Wxs tut02 012.png

On the list you may find a set of predefined system colors. When you choose one of them, they will be read from the current system settings making your application compatible with the system theme. There are also two special entries - Default (which means that we do not want to set our color) and Custom. When you select Custom, wxSmith will open a color dialog where you can choose any color you like. I have chosen light green, and here's the result:

Wxs tut02 013.png

There are also other properties we could talk about, but the best way to learn them is to play with them, so I leave those discoveries to you.

Now let's use the mouse.

The selected component will have eight black boxes -- drag handles -- around it. These boxes can be used to change the size of the component. You will easily notice when the mouse is over a handle because the cursor changes. Let's resize the wxTextCtrl (edit box):

Wxs tut02 014.png

You may see that resizing the component will also change properties in the browser - Default Size is unchecked now and Width and Height are set to required values. There's another property which seems to be untouched - Size in Dialog Units, which is also related to size. I'll explain it a bit.

Usually when you must specify a size (or other size-related things) you provide a value in pixels. Alternatively you can specify values in a unit called a Dialog Unit. A Dialog Unit is usually a little bit bigger than one pixel and it's size depends on the size of the current font (actually it's the size of the font of some component's parent which has a font). This is useful when you want some values to be proportional to the size of text presented in the window.

If you check 'Size in Dialog Units, wxSmith will take care of it and sizes will be calculated in Dialog Units instead of pixels (although, naturally, you will still be able to resize components).

Now let's change the position of the radio box. "But, wait," you may say, "I thought you said that the sizer is responsible for the positioning." That's right. We have limited possibilities to change position. Inside one sizer we can only reorder components; for more complex forms we can also move a component between two sizers or to areas where sizers do not apply. So, back to our example, let's move the radio box to position it right after the button. To do so, click on the radio button and drag it onto the button. When you start dragging, you will notice that the area of the sizer changes color to blue. This color change is an aid to show you what will be the new position of the dragged component. When you move the cursor onto the button, half of the button will become light-blue. When the left half is highlighted, the dragged component will be added before it. When the right half is highlighted, dragged component will be added after it. And when there's no highlighted component, the new component will be added as the last child of the parent:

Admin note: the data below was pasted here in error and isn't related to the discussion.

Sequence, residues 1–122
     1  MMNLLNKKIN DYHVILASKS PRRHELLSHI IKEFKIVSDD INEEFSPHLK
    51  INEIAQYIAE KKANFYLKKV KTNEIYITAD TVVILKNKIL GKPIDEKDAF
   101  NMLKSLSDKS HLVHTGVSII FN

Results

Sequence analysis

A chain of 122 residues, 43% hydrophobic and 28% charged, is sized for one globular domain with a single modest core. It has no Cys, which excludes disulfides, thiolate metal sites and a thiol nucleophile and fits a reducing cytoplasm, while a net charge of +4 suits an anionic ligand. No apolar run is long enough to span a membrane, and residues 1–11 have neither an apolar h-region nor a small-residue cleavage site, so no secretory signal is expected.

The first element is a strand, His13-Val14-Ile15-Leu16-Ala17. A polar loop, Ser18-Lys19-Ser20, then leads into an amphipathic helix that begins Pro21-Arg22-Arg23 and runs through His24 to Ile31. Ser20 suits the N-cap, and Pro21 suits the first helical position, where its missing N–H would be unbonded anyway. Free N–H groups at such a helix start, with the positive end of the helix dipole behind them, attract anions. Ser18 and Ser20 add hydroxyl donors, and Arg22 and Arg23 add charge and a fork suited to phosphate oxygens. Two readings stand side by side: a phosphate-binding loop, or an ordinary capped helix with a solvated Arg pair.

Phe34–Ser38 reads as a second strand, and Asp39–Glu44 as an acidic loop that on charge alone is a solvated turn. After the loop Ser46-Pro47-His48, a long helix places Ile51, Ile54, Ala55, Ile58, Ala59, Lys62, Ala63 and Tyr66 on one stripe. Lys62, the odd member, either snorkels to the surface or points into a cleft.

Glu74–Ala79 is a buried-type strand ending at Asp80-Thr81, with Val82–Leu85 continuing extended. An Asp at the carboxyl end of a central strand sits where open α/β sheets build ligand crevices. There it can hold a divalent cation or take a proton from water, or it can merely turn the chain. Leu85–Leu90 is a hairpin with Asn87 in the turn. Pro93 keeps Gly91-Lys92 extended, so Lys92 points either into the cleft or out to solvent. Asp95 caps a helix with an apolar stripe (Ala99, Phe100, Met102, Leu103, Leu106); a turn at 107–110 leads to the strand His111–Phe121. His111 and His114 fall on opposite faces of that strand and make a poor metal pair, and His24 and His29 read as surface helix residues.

Wxs tut02 015.png

When you drop the component, it will change it's position. Note that all the components after the new position also shift. That happens because the default setting of the wxFlexGridSizer allows only 3 components in one row (this can be changed in property browser) so the components just adapted to the new order.

Wxs tut02 016.png


Now let's learn a little bit about components available in wxSmith. I'll describe all supported sizers and a few important components from the Standard palette. Let's start with sizers.

We already know that sizers are responsible for automatically setting the position and size of some components. But how do they do that? Well, it depends on which sizer has been used. So what are the rules? The generic rule is that the sizer tries to use all its available space and place the components it manages in such way that they do not overlap. If the area available to the sizer is too small, it requests a bigger area, so you can be sure that no component will fall out of the window. (Unfortunately, you cannot be sure that after such adjustments the window will be small enough to fit on the screen, so be careful about that.) Another rule which should be mentioned here is that sizers automatically set-up the minimum size required by the window. Basically when you edit a window using sizers, you should be aware that you edit the smallest layout and without some tricks, you won't be able to resize the window to something smaller.